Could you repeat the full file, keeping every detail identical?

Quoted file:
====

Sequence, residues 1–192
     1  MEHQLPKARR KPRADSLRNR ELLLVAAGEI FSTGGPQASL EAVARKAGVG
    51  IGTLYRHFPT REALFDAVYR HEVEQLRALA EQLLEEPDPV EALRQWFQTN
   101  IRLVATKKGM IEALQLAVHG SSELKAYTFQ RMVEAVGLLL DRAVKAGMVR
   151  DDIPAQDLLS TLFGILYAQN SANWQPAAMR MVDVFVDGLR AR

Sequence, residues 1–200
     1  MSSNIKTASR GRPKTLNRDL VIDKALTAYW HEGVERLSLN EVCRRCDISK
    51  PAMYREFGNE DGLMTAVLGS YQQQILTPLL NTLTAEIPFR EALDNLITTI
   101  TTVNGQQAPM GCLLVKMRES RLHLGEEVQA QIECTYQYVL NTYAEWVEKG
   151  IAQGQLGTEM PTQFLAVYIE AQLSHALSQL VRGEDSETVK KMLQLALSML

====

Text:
Sequence, residues 1–192
     1  MEHQLPKARR KPRADSLRNR ELLLVAAGEI FSTGGPQASL EAVARKAGVG
    51  IGTLYRHFPT REALFDAVYR HEVEQLRALA EQLLEEPDPV EALRQWFQTN
   101  IRLVATKKGM IEALQLAVHG SSELKAYTFQ RMVEAVGLLL DRAVKAGMVR
   151  DDIPAQDLLS TLFGILYAQN SANWQPAAMR MVDVFVDGLR AR

Sequence, residues 1–200
     1  MSSNIKTASR GRPKTLNRDL VIDKALTAYW HEGVERLSLN EVCRRCDISK
    51  PAMYREFGNE DGLMTAVLGS YQQQILTPLL NTLTAEIPFR EALDNLITTI
   101  TTVNGQQAPM GCLLVKMRES RLHLGEEVQA QIECTYQYVL NTYAEWVEKG
   151  IAQGQLGTEM PTQFLAVYIE AQLSHALSQL VRGEDSETVK KMLQLALSML